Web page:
Single malt scotch gets all the love, but the reality is that blends are what the people really want. The best-selling Scotch whiskies fall into the latter category, with familiar names like Johnnie Walker, Grant’s, and Chivas leading the pack. Blends are often cheaper than single malts, although that is not the case when you get into the higher-end expressions. The difference is that while a single malt is a 100 percent malted barley whisky that comes from one distillery, a blended scotch is a marriage of whisky from different distilleries that also includes grain whisky, usually made from corn or wheat. A blended malt, however, is a blend of malt whisky from different distilleries minus the grain whisky. There are many good examples of blended scotch to choose from, and some new expressions are now available from well-known brands. Here are eight blends that you should try now.
Dewar’s touts its whisky as being “double aged,” meaning that after initial maturation and blending the blend is put into an oak cask for another six months to marry the whiskies together before bottling (other brands use a similar process). The blend consists of grain whisky and single malts drawing from the Dewar’s portfolio (Aberfeldy, Aultmore, Craigellachie, Royal Brackla, and Deveron), among others. Dewar’s White Label is a very popular whisky here in the U.S., but try the age statement blends (12, 15, 18) for something a bit more complex and rich.
Is there a more popular blend than Johnnie Walker? Everyone around the world seems to know and drink this whisky, which is made from grain whisky and single malts from the expansive Diageo portfolio (Lagavulin, Talisker, Caol Ila, etc.). Maybe skip Red Label and start with Black, but as prices increase all the way up Blue Label, the blend loses the grain whisky and becomes a marriage of just single malts. Johnnie Walker has partnered with Game of Thrones over the past year, and the newest releases are blends called A Song of Ice and A Song of Fire. Ice is centered around single malt from Clynelish and meant to be enjoyed on the rocks, while Fire uses Caol Ila as a core whisky and is meant to be enjoyed neat.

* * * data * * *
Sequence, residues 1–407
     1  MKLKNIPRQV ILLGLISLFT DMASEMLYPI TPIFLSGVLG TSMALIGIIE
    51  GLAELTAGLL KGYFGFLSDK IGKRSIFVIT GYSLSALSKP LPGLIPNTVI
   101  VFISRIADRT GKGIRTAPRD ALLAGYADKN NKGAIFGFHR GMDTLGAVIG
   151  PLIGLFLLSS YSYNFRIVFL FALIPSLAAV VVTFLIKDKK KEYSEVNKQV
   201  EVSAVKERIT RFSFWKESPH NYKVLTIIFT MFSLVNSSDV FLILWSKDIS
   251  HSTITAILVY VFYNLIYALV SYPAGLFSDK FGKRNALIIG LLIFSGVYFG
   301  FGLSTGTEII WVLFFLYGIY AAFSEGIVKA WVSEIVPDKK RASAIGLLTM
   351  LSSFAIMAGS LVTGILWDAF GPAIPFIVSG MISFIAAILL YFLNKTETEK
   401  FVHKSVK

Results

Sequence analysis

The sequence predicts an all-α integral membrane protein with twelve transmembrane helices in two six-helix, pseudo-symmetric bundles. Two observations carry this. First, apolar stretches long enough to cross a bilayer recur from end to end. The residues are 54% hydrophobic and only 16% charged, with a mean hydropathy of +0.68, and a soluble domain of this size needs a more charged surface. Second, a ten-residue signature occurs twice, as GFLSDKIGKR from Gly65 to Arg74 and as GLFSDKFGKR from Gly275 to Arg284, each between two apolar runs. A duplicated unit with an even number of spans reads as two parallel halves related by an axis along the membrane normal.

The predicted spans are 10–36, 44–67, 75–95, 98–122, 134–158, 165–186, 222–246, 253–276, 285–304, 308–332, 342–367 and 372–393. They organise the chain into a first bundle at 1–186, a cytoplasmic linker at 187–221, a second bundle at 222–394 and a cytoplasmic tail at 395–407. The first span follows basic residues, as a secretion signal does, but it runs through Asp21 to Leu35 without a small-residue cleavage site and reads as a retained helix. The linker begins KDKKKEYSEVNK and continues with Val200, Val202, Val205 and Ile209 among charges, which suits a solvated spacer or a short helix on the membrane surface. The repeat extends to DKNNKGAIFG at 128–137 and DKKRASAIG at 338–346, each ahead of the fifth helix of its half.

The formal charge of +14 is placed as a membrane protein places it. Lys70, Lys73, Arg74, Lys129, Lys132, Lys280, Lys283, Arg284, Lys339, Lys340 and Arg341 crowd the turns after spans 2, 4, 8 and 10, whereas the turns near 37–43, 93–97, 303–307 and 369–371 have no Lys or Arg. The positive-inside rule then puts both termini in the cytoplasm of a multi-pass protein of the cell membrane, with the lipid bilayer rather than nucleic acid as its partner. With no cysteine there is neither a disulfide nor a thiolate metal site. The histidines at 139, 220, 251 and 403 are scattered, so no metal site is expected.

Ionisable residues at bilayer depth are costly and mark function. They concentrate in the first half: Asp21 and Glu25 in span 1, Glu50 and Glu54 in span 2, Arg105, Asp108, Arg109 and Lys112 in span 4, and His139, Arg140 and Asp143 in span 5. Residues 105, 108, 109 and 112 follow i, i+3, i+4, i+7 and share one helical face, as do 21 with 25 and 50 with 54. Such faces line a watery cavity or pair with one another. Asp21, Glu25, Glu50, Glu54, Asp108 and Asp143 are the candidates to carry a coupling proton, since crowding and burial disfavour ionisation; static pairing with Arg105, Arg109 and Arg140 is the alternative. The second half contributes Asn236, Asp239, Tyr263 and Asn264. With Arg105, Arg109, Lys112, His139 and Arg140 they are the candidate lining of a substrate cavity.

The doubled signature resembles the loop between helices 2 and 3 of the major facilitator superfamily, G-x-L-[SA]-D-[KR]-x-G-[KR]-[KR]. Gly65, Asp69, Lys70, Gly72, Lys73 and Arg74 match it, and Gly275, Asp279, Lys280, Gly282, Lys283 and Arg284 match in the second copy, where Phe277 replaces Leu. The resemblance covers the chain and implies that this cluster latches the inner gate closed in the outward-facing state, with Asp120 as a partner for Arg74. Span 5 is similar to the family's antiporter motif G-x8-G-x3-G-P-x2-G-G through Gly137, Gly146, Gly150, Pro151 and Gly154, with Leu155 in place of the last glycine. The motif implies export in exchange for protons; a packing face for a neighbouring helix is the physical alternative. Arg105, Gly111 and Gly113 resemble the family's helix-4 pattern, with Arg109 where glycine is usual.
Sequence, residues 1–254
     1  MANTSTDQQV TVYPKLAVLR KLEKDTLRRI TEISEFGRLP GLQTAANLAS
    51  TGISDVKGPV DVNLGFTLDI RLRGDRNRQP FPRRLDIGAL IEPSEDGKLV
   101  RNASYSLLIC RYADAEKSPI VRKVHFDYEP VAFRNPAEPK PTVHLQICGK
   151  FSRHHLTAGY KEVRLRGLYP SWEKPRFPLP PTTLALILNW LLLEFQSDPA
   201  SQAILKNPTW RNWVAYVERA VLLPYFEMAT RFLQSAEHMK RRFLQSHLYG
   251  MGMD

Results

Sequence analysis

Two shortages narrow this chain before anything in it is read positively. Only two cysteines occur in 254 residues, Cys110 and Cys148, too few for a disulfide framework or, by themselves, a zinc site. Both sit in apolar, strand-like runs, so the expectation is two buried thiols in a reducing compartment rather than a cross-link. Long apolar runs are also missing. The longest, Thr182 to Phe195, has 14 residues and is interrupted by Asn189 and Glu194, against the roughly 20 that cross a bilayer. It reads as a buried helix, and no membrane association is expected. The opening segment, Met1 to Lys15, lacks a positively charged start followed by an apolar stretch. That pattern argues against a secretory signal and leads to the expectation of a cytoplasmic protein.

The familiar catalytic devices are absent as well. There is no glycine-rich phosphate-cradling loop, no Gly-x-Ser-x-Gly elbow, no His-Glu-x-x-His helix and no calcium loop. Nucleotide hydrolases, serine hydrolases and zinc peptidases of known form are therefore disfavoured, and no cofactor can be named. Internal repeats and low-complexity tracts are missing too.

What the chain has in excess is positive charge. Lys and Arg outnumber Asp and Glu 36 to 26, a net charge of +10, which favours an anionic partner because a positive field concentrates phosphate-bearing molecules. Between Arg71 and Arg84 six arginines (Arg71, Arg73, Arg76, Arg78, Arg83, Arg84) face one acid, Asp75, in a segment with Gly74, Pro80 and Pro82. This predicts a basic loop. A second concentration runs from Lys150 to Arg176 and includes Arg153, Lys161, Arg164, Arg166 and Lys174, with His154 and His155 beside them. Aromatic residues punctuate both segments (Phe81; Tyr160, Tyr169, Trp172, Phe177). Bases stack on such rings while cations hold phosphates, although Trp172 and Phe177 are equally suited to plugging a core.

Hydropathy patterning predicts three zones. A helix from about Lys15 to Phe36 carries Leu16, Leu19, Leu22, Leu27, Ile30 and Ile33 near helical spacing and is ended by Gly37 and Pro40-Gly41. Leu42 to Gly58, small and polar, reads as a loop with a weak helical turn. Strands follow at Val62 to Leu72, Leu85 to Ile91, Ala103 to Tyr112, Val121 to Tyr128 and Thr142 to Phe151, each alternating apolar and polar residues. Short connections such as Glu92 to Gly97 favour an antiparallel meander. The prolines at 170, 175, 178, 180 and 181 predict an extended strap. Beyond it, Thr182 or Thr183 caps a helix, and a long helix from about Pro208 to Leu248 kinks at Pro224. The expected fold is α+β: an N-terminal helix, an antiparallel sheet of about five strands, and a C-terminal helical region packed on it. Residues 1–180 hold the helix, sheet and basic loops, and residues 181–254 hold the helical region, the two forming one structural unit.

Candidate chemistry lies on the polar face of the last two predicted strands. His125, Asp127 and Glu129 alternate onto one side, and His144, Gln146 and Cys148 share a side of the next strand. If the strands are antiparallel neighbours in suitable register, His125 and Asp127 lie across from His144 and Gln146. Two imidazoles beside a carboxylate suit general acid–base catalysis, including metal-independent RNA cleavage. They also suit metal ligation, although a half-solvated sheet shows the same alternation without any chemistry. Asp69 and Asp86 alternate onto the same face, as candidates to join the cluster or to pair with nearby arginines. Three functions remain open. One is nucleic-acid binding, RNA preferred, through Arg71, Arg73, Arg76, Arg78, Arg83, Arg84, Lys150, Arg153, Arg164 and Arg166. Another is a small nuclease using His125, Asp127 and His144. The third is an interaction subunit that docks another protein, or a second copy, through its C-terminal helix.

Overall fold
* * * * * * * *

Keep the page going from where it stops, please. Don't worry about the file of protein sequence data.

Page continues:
Chivas is another world-renowned blend, part of the Pernod Ricard family of whiskies. The core expression is a 12-year-old whisky, with the age expressions peaking at 25. But there are some other interesting (and expensive) whiskies to enjoy, including the Japanese oak-finished Mizunara; Ultis, a blend of five single malts (Allt-á-Bhainne, Braeval, Longmorn, Strathisla and Tormore); and The Icon, which blends whisky from shuttered ghost distilleries and comes in a crystal decanter.
The Famous Grouse, a very popular blend in its home country of Scotland, is owned by Edrington. This means that single malts like The Macallan and Highland Park are certainly found within the blend, along with whisky from many other Scottish distilleries. The sherry cask influence is evident in this sweeter blend, but you can find a smoky version in Smoky Black and an even richer whisky in the port cask-finished Ruby Cask expression. While it’s not the most complex blended scotch out there, The Famous Grouse is incredibly easy to drink.
Compass Box is a new-school whisky blender, sourcing and marrying malt and grain whiskies from various distilleries into whatever they damn well please. They call themselves “whiskymakers,” meaning they source both casks and liquid which they then blend and marry in oak, and finally bottle and come up with some innovative names. Along the way, Compass Box tries to be as transparent as they are legally allowed to be. The core expression is called Hedonism, which is a blend of grain whiskies. Beyond that the portfolio veers all over the place, with releases like The Spaniard (whisky aged in Spanish wine casks) and Tobias & The Angel (blend of whisky from Clynelish and Caol Ila) leading the way.
Copper Dog is a blend of eight Speyside single malts that was created in part by the folks behind the pub of the same name at the charming Craigellachie Hotel in Speyside. This is another easy-drinking, if not attention-grabbing blend, full of sweet sherry notes and a bit of dry spice. Diageo is the driving force behind this blend, so while the whiskies included are not disclosed you can try your hand at guessing where they come from based on the flavor profile and knowledge of the extensive Diageo portfolio.
Royal Salute is a blend from Chivas Brothers that maintains a completely separate, luxury brand identity from Chivas Regal. This summer Royal Salute unveiled a new look for its Signature 21 Year Old blend, along with two new whiskies as part of the core lineup – The Malts Blend and The Lost Blend. The former is made up of more than 21 single malts aged for at least 21 years, while the latter is a peated blend available exclusively at duty-free shops. Overall, Royal Salute is a blend that drinks like a single malt.
William Grant & Sons is the parent company of esteemed single malt distilleries like Glenfiddich and The Balvenie, as well as a product of blends like Grant’s. Monkey Shoulder is a newer creation, a premium blended malt that was intended to be a component of mixed cocktails. Surely whisky from the WGS distilleries are in the mix, but others are included as well, as is the custom with Scottish blends. The brand launched here in the U.S. about seven years ago, but has increased in popularity as people have discovered the joys of blended malt cocktails.
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